SALT LAKE CITY — Lone Peak Hospital’s Dr. Kevin Wilson became the first surgeon in Salt Lake City to perform a surgical implant procedure to treat sleep apnea. The treatment provides a revolutionary way for sleep apnea patients to manage their condition if they aren’t able to control it with the help of a CPAP machine.
Around 22 million Americans suffer from sleep apnea, according to CBS News, which puts them at a heightened risk of heart disease, memory loss, stroke, diabetes, and more.
“Sleep apnea is basically where the soft tissues of the throat collapse during deep sleep, so the tongue falls back and the soft tissues collapse and block the airway,” Wilson explained. “Patients stop breathing, and the body has to wake them up enough for them to start breathing again. The problem with that is it prevents them from getting a deep and refreshing sleep because their bodies are waking them up all the time.”
CPAP machines work by forcing air down the throat, so when patients breathe, the airways are blown open. Though the CPAP is rather bulky, Intermountain’s Dr. Maya Thomas, a board-certified neurologist and sleep medicine specialist, believes that it’s still the best option for most patients.
“A lot of times if you give them the right pressure and the right mask, the CPAP patients feel good,” she said. “There are a lot of ‘ifs’ on the surgery, which is why [patients] will settle for the mask.”
Despite Thomas’s best efforts, for some patients, the CPAP simply doesn’t work, and it’s in those where the Inspire treatment is very useful. James Morales, 41, was one such patient.
Morales is a sleep apnea patient who received the Inspire treatment. He told UCHealth that he, “Would wake up and feel exhausted. I didn’t want to do anything. I’d come downstairs and sit. At work, I had trouble focusing and concentrating. Lots of people were relying on me and asking me questions, but I just couldn’t think.”
Morales couldn’t sleep restfully with the CPAP, and, after exhausting all of his other options throughout years of experimenting with different treatments, he finally decided to try the surgical solution and get an Inspire device implanted. After a lengthy insurance discussion and evaluations to ensure he qualified for the surgery, Morales successfully had the Inspire implanted.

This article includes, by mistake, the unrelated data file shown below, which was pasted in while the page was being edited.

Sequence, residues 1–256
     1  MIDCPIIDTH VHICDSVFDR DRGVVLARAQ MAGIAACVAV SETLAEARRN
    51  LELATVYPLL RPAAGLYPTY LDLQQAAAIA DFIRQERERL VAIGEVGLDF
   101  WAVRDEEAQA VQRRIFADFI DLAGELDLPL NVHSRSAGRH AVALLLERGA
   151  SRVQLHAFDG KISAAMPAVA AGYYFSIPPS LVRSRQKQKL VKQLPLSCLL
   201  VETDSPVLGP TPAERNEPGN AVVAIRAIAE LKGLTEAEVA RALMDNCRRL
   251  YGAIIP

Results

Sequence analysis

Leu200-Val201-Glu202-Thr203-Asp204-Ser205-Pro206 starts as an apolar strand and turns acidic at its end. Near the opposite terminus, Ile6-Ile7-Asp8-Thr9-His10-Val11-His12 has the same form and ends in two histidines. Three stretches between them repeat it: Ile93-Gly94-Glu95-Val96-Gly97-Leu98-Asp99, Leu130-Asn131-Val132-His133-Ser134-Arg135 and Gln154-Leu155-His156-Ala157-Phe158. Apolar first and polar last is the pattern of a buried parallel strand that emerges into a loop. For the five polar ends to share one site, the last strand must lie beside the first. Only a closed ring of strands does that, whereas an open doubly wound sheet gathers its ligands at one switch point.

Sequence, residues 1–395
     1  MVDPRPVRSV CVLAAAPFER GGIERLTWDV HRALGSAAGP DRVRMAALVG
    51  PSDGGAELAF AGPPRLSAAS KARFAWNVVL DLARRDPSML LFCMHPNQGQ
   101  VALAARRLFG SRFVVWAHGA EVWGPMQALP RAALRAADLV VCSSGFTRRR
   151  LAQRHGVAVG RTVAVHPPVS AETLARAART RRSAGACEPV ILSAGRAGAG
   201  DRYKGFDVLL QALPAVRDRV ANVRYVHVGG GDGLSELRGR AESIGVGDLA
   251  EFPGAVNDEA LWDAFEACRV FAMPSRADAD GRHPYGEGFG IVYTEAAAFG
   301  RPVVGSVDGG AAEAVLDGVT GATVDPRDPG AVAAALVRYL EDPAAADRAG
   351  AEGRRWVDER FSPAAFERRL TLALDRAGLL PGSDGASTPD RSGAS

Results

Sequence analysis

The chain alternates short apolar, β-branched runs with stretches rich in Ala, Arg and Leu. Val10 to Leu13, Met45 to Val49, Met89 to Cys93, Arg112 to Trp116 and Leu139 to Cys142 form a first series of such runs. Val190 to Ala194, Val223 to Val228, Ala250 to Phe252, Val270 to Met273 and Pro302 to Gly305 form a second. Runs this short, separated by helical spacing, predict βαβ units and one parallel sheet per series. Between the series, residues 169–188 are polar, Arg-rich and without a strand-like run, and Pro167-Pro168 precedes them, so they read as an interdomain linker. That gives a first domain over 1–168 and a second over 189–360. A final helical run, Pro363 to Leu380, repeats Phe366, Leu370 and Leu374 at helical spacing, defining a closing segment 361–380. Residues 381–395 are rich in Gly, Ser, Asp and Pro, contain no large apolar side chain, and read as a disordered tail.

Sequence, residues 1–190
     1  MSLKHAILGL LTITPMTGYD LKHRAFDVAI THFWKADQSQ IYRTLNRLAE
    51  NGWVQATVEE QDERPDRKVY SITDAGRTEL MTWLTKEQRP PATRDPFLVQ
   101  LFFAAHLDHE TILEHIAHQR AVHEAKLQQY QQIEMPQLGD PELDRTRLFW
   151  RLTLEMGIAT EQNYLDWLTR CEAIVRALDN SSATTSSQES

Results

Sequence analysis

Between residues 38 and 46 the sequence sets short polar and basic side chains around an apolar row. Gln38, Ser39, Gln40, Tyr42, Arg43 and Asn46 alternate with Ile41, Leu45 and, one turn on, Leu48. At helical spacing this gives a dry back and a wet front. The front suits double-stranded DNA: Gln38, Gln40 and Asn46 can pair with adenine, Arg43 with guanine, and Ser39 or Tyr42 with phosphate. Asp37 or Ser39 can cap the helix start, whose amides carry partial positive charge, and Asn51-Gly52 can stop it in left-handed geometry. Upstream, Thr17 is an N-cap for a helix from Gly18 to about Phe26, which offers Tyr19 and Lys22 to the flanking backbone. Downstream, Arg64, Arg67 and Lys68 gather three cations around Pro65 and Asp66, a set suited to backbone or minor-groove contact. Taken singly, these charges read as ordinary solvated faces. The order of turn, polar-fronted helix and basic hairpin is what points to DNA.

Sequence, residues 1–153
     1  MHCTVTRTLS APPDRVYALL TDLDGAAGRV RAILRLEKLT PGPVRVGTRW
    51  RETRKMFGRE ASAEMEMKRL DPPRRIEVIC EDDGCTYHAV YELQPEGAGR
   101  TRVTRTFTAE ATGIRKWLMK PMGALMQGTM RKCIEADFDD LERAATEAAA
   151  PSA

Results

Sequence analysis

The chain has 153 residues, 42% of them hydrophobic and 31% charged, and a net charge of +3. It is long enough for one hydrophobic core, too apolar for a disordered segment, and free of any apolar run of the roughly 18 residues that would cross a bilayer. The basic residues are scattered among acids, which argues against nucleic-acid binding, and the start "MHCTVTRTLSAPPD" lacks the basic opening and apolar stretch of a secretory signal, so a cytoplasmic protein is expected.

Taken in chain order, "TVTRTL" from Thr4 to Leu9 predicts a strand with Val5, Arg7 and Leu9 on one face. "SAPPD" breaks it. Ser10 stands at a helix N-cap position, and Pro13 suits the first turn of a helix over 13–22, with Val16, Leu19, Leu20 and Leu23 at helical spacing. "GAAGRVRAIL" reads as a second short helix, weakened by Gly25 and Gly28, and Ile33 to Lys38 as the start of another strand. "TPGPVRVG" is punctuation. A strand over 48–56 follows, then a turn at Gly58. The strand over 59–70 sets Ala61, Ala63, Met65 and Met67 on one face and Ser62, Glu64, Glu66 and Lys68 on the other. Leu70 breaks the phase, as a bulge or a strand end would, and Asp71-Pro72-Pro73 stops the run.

“This device works in a different way to keep the airway open,” Wilson explained. “It basically uses the body’s natural muscles to open the airway.”
The device is made up of three components, according to Wilson. First, the sensor wire tracks each time the patient takes a breath. A generator with a battery helps drive the device, and it has a stimulating wire. The stimulator connects to the hypoglossal nerve, which is a nerve that moves the tongue.
“It helps you stick your tongue out, speak, swallow, and things like that,” Wilson explained. “Every time it senses that the patient takes a breath, it sends a little impulse along that nerve to the tongue to help it stiffen and stick forward, which then opens up the airway to allow the breath to pass through.”
“Everything has changed,” Morales told UCHealth. “Now, I wake up and feel like I can do something. I’m going back to school, which I was afraid of doing before because I couldn’t focus. I go up snowboarding without worrying about falling asleep on the way home.”
Wilson is ecstatic about the new option.
“When this treatment came around, I was very excited about it because it offered great outcomes without all the pain. It’s a quick, outpatient surgery that can be life-changing.”
The New England Journal of Medicine published a study which found that 68 percent of patients’ sleep apnea had improved after getting the implant.
Despite its success, Inspire is not for everyone.
“There are specific criteria that patients have to meet in order to be a candidate for this procedure,” Wilson said.
Inspire is only for moderate to severe sleep apnea cases and, like all surgeries, there is risk of infection. According to CBS News, the cost of the device is around $20,000, not including the surgery.
Wilson hopes that someday soon the treatment may be expanded to other patients, or modified treatments may become available. “We’re just getting started,” he said. “We’ve done about five surgeries so far and we have a couple more scheduled soon.”
“Since the 1970s, we haven’t gotten anything better than the CPAP, and I think Inspire is the one showing good promise so far,” Thomas said.
She added that she would like to see people with mild cases of sleep apnea have access to the treatment as well. “Someone can have a lower apnea index and still experience a lot of fatigue. It affects each person differently,” she said.
Salt Lake City residents interested in the treatment can attend a free community information session at Lone Peak Hospital in Building 1 on Tuesday, March 12, at 6:30 p.m. in Draper.